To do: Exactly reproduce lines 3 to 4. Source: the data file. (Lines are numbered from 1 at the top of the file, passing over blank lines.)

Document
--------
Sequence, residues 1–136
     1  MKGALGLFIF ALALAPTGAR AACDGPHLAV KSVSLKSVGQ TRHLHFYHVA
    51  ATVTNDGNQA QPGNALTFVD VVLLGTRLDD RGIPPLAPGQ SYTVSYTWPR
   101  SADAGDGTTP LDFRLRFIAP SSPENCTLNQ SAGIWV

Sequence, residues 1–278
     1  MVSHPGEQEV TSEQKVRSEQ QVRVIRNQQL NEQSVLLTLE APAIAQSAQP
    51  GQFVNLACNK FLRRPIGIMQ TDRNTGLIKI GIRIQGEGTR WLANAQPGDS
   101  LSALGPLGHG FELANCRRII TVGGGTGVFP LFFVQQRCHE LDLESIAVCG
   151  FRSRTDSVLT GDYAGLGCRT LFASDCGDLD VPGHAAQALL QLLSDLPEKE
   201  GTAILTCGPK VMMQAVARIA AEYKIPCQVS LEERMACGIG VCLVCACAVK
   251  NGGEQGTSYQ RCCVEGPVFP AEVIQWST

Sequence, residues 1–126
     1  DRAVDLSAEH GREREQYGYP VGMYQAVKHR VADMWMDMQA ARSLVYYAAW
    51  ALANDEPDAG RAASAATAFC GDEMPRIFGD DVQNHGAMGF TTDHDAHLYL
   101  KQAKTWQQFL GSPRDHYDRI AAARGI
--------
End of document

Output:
    51  ATVTNDGNQA QPGNALTFVD VVLLGTRLDD RGIPPLAPGQ SYTVSYTWPR
   101  SADAGDGTTP LDFRLRFIAP SSPENCTLNQ SAGIWV